In the case of WTGIL Limited (UKFTT 00131), the FTT held that an insurance intermediary made neither a supply for consideration nor a deemed supply to policyholders in relation to ‘black box’ devices fitted in their cars to analyse their driving. Consequently, input tax was not recoverable in respect of the provision and fitting of the devices.

WTGIL made a claim for over £2 million of input tax incurred between 2014 and 2018, on the basis that the VAT was directly attributable to taxable supplies of the black box devices made to the policyholders (whether or not for consideration).

HMRC rejected the claim and took the view that there was no contract under which WTGIL or WTGISL (a member of the same VAT group) supplied the device to the policyholders for consideration. HMRC took the view that the only consideration for the supplies of providing and fitting the device and any subsequent data analysis, was the commission paid to the appellant by the insurer. HMRC deemed this to be consideration for an exempt supply of insurance intermediary services, leaving any input tax as non-deductible.

Comment: WTGIL’s argument that it had made taxable supplies of the black boxes ultimately failed at tribunal. The appellant undertook to the insurer that it would install or procure the installation of a device in each new policyholder’s car and undertook to meet the costs of replacing and re-installing defective devices. The FTT considered that the commission received was consideration for the appellant for this. The FTT held that the appellant did not thereby make a supply of goods, but rather a supply of insurance intermediary services, with the provision and installation of the devices and their use to provide information being part of those services

The conclusion that there was no deemed supply of the devices, either because they were acquired and provided to the policyholders by the appellant for the purposes of its own business (ie to meet its contractual obligations) is an interesting one. This decision highlights the complexities that can arise when goods or assets are provided for no consideration. Whether the provider is entitled to input tax recovery on the costs can, in turn, determine whether VAT is due.

Please contact Nick Hart, VAT Director, if within your business you provide goods or assets for no payment, as this case may be of interest and relevance.

WTGIL LIMITED v Revenue & Customs (VAT – whether insurance intermediary made supplies of goods to insureds for consideration) [2022] UKFTT 131 (TC) (12 April 2022) (bailii.org)

The FTT has decided in the case of Intelligent Money Limited (IML) (UKFTT 148 (TC)) that fees paid by members of the SIPP to IML as the scheme administrator were not consideration for an exempt supply of insurance and were therefore subject to VAT.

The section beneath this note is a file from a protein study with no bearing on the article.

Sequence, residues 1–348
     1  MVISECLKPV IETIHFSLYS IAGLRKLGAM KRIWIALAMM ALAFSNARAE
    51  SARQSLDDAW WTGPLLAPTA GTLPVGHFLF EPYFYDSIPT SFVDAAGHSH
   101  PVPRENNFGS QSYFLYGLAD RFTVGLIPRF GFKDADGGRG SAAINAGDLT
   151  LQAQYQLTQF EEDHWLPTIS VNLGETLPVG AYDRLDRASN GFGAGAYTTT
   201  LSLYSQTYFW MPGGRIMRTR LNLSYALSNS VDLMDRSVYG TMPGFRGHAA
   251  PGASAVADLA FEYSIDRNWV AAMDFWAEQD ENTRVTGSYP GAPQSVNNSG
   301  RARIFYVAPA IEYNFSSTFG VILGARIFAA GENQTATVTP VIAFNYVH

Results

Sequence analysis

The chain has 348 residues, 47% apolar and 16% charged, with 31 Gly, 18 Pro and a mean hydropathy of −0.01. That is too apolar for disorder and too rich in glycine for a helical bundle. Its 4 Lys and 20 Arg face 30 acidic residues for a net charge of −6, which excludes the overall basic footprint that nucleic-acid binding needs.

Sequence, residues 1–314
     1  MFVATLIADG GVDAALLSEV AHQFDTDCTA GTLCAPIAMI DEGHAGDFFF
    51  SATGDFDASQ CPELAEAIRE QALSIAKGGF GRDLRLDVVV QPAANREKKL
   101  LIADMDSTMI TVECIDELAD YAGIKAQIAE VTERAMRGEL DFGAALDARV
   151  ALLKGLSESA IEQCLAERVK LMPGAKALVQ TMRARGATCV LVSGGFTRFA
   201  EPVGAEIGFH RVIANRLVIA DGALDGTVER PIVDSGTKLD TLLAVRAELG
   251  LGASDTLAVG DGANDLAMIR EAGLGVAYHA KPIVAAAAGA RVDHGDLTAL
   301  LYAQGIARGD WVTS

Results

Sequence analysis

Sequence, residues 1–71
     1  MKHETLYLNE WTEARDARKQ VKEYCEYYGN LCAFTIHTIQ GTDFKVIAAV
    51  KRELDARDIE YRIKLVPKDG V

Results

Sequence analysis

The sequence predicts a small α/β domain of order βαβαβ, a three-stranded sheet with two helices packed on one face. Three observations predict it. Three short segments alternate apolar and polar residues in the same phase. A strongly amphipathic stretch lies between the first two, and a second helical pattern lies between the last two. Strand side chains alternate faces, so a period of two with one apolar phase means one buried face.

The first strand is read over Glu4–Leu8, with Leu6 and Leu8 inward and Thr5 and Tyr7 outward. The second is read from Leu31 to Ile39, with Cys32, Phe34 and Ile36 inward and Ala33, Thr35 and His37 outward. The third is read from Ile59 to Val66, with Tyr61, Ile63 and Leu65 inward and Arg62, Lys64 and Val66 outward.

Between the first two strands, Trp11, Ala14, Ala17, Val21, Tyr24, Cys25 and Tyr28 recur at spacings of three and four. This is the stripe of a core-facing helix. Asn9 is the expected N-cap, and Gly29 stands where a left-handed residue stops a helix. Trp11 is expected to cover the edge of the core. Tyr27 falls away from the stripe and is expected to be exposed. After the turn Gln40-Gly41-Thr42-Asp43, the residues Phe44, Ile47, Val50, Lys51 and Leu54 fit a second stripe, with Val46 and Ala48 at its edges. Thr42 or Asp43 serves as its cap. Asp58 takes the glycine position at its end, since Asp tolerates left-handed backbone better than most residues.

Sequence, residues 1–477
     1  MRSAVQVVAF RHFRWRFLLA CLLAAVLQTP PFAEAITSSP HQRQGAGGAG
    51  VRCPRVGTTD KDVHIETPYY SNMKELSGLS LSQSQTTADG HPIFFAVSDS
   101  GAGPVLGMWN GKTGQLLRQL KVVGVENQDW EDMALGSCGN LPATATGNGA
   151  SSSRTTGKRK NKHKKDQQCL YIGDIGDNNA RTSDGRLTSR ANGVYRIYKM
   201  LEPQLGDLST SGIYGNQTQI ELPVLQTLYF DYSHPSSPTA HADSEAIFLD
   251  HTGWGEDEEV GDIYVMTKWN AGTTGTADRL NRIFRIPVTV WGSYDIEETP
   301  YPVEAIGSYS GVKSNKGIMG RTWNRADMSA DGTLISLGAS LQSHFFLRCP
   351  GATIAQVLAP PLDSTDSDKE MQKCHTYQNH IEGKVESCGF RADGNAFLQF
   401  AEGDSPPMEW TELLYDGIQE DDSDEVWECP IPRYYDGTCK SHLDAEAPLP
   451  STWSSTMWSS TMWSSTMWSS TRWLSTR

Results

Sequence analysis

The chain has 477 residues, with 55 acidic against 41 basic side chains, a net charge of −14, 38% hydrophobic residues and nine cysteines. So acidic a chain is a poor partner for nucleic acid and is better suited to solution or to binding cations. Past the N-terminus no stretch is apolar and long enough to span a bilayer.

Until 2014, IML had accounted for VAT on its services to members of the SIPP. In 2016, IML undertook a review of its VAT position and considered that the service it was supplying was one of long-term insurance and therefore exempt from VAT. IML subsequently submitted three claims to HMRC to recover the VAT it considered had been overpaid.

There is no legal definition of ‘insurance’, but the key features of an insurance contract have been described in domestic and EU cases, both in VAT and non-VAT matters. Generally, the essential features are that an insurer provides the insured parties indemnity against a risk in return for payment of a premium. According to domestic insurance regulatory (non-VAT) case law, whether the insurer bears risk is seemingly not important to determine whether the supply is an insurance. In this case, the FTT concluded, the insurer would need to assume some financial risks in order to qualify for insurance exemption for VAT purposes. Here it is the members of IML’s SIPP who bear all the risk and, as such, IML’s services did not qualify for VAT exemption as a supply of insurance and the appeal was dismissed.

Comment: This case illustrates the difficulties and complexities of identifying the underlying supply to determine whether a VAT exemption applies. Interestingly, in this case it has highlighted that a supply could qualify as one of insurance in accordance with insurance regulations. For VAT purposes, however, in order for the insurance VAT exemption to apply the supplier must bear some level of risk. The FTT also noted that by reference to HMRC’s guidance and manuals, IML’s supplies would have appear to meet the conditions to be considered as an insurance transaction for VAT purposes. HMRC’s guidance is not the law (unless it is given the force of law under specific provisions) but rather its interpretation of it. Such interpretation is not always shared by the courts and businesses should be careful when relying on HMRC’s guidance and should seek professional advice where appropriate.

Please contact Sean McGinness, Head of VAT, for further details.

INTELLIGENT MONEY LIMITED v Revenue & Customs (VAT – whether fees paid to the scheme administrator of SIPP pension consideration for an exempt supply of insurance) [2022] UKFTT 148 (TC) (05 May 2022) (bailii.org)